Today I did not go to the outlet store next to the grocery store.
That may not mean much to you, but to me it was a major big deal.
Lately, I haven’t been able to stop at the market without checking out the outlet. Even if I park far away I’ll say, “I need to walk more,” and head over to see what’s new on the racks.
Once there I say, “I’ll just look but not try on.” Or “I’ll try on but not buy,” except I usually end up buying. Then I end up not really wanting what I buy. I’ll put stuff in my closet where it sits until I give it away.
To ease my conscience, I’ve devised a rule: If I buy something new, something has to go. And I never buy new coat hangers.
Except earlier this year I did.
Sixteenth-century theologian John Calvin once said that our hearts are “perpetual idol factories” and that “every one of us is, even from his mother’s womb, a master craftsman of idols.”
My not being able to stay out of the outlet store is a symptom of my idolatry — and I should know better. A few years ago I wrote a book on the subject of idols, and you’d think I’d have a handle on mine.
For those who question my use of the word “idol” to describe my love for shopping, here’s the definition of an idol: any thing, person, possession, place, activity, experience, relationship, substance or idea (basically, anything other than God) that I turn to first for pleasure, comfort, satisfaction or meaning. Shopping hits all the criteria.
Even though I know I should turn to God first, and sometimes I do, more often I don’t. The not-God stuff is shinier and softer and on sale for $9.99. Chasing after not-God stuff comes naturally. It’s easy. It’s my default mode.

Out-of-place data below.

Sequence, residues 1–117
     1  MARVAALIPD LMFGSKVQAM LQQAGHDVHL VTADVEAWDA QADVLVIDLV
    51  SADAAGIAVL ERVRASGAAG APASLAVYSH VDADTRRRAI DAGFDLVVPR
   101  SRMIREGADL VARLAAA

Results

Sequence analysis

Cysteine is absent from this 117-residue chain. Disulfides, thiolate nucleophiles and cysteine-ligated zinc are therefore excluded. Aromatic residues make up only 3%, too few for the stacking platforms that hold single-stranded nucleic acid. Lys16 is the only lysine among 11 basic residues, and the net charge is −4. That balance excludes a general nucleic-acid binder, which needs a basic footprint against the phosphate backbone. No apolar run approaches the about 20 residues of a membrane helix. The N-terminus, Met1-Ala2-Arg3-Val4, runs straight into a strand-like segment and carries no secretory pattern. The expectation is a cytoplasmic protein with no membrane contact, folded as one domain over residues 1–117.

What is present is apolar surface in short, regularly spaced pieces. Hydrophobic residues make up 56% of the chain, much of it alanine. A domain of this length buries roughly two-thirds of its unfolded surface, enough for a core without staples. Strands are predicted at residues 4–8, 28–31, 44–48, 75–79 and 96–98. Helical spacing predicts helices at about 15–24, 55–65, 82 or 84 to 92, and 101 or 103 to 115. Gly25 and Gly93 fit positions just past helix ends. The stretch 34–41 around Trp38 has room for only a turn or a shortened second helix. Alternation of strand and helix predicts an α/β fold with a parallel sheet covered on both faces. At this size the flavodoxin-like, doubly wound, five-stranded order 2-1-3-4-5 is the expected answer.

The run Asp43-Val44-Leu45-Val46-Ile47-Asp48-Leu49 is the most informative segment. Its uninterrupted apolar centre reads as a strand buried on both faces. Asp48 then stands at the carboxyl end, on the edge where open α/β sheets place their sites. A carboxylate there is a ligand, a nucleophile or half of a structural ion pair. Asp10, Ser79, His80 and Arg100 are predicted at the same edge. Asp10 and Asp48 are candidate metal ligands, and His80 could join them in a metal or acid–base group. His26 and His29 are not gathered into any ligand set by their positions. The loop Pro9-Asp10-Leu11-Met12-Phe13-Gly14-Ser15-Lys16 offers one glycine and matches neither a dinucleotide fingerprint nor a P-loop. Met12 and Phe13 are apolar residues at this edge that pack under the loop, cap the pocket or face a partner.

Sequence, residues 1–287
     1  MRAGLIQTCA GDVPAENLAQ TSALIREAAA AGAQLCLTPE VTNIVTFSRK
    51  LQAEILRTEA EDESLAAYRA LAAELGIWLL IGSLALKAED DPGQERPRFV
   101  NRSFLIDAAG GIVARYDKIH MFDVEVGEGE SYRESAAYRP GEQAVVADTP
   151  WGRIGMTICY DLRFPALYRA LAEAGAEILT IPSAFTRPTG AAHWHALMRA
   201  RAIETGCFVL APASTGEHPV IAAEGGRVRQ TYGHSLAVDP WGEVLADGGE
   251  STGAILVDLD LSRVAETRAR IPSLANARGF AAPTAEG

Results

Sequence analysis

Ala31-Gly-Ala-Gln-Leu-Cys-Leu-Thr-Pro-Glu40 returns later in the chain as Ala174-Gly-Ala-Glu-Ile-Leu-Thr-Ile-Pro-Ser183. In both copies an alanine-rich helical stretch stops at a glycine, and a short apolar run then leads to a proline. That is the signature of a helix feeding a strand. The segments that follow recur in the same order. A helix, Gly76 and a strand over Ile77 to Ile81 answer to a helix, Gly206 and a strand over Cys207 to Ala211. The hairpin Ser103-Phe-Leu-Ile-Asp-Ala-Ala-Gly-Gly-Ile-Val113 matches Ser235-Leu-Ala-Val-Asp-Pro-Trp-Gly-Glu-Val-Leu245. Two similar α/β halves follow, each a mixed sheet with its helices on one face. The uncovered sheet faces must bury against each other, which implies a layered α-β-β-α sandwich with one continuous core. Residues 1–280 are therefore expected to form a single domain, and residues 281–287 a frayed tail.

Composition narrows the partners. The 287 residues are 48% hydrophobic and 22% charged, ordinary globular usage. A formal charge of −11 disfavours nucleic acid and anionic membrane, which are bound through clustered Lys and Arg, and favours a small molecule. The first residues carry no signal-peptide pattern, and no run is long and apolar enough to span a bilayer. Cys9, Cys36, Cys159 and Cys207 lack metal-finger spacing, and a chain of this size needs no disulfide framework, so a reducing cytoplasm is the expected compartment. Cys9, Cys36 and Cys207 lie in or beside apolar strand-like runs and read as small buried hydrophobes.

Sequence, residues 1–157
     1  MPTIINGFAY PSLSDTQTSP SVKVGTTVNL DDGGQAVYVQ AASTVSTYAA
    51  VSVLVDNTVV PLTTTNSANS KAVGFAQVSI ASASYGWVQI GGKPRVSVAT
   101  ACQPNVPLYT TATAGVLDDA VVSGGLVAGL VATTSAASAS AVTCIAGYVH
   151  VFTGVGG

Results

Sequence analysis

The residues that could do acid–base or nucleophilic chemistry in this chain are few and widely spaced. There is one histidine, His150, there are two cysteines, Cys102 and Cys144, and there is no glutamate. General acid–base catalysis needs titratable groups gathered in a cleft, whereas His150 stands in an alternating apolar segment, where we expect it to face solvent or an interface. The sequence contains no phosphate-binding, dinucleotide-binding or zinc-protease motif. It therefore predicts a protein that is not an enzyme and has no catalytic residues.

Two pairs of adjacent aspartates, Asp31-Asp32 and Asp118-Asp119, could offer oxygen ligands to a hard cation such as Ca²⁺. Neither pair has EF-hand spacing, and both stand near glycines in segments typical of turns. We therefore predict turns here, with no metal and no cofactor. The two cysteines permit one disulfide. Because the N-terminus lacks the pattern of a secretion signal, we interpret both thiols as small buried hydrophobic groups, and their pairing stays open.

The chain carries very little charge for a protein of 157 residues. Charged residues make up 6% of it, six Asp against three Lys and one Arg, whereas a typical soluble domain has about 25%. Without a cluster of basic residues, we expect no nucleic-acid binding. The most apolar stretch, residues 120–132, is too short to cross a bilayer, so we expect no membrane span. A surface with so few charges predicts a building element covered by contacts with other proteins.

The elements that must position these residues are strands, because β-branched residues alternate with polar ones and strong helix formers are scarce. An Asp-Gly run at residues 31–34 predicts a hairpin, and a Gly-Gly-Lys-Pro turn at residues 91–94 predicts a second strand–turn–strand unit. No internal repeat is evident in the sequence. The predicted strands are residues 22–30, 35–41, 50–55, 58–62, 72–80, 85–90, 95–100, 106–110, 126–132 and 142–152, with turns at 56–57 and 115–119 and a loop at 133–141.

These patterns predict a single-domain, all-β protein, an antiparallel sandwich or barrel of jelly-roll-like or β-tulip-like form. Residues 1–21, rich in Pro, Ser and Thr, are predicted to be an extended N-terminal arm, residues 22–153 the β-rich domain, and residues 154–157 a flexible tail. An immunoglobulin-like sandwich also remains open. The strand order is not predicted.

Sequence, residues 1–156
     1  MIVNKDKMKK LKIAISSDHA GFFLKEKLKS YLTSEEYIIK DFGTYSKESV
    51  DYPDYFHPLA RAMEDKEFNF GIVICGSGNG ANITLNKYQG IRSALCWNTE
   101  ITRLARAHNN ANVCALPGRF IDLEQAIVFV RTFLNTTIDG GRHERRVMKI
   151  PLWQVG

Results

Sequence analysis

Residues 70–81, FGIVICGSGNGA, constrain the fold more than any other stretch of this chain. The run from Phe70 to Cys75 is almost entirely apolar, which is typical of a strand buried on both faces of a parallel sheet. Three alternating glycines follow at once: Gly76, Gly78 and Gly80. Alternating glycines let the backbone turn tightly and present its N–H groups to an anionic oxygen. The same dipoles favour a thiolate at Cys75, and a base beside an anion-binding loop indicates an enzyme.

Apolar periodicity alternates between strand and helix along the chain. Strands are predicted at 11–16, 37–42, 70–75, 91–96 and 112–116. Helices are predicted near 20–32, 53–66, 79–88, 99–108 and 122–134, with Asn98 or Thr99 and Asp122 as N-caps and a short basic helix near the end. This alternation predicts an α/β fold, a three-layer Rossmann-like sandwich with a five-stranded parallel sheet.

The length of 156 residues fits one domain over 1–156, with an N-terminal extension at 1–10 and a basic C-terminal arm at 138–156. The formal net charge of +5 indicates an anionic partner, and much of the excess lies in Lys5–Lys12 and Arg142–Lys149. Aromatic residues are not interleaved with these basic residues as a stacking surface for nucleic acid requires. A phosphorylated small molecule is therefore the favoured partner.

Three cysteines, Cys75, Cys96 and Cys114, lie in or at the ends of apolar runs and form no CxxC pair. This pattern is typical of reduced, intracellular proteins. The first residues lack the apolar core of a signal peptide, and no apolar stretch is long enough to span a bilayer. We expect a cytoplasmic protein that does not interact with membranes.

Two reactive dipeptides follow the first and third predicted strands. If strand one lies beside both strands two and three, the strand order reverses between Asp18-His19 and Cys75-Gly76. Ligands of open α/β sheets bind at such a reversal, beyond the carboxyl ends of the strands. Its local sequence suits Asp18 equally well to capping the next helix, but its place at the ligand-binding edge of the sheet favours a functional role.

I know that no jacket or sweater or pair of stretch boot-cut jeans, no matter how perfect the fit or how great the bargain, will ever completely satisfy whatever it is I’m looking to have satisfied. I wrote that in my book! Still, I keep going back for more.
Sometimes I think I understand alcoholics who keep going back to the bar day after day. Just as they might switch from whiskey to vodka to peach or peppermint schnapps, I switch from clothing to jewelry to cosmetics to shoes.
It’s all the same. It’s all not God. It’s all empty, just an attempt to chase and catch the wind.
St. Augustine said, “Which of the things he (God) has made can satisfy you, if God himself does not?” Good point, Auggie.
Last week I decided to grit my teeth and make myself be satisfied with God. I knew I was an idol factory, cranking out my idols like an assembly line on full speed. So, whenever I’d start thinking about clothes I’d make myself think about Jesus and poor people in third world countries who don’t even wear clothes and yet are happy.
But the more I tried not to think about shopping, the more I thought about it, and then I started thinking that God was mean and what’s his beef with sweaters on clearance anyway?
After a few days I couldn’t take it any longer and went to outlet and bought — I don’t even remember. I do remember feeling anxious as I bought it and not even wanting it once I got in my car. I felt like I had let God down, that he was surely ashamed of me and that he had every right not to speak to me ever again, or at least until I repented really, really long and hard.
But I also knew, as sincerely disgusted with myself as I was, that I couldn’t change myself. That’s when he reminded me that I can’t force myself to love him, but the more I let myself be loved by him the easier it’ll be to not turn to all my not-him idols first.
And then today I went to the market for milk. As always, I thought about going to the outlet, but I didn’t. I didn’t try not to go, I just didn’t want to. I remembered about God and smiled, because sometimes it’s a struggle and we have to fight to keep ourselves from our idols, but sometimes it’s as simple as remembering that God smiles on his own.
Nancy Kennedy is the author of “Move Over, Victoria - I Know the Real Secret,” “Girl on a Swing,” and her latest book, “Lipstick Grace.” She can be reached at 352-564-2927, Monday through Thursday, or via e-mail at email@example.com.